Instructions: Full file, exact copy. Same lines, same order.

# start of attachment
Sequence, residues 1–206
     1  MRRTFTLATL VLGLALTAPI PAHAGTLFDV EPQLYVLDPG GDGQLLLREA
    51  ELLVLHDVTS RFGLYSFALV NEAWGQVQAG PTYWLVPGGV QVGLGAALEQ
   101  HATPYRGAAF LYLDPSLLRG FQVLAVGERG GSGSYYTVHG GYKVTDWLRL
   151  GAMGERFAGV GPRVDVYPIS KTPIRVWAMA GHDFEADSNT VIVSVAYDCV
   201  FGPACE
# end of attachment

Sequence, residues 1–206
     1  MRRTFTLATL VLGLALTAPI PAHAGTLFDV EPQLYVLDPG GDGQLLLREA
    51  ELLVLHDVTS RFGLYSFALV NEAWGQVQAG PTYWLVPGGV QVGLGAALEQ
   101  HATPYRGAAF LYLDPSLLRG FQVLAVGERG GSGSYYTVHG GYKVTDWLRL
   151  GAMGERFAGV GPRVDVYPIS KTPIRVWAMA GHDFEADSNT VIVSVAYDCV
   201  FGPACE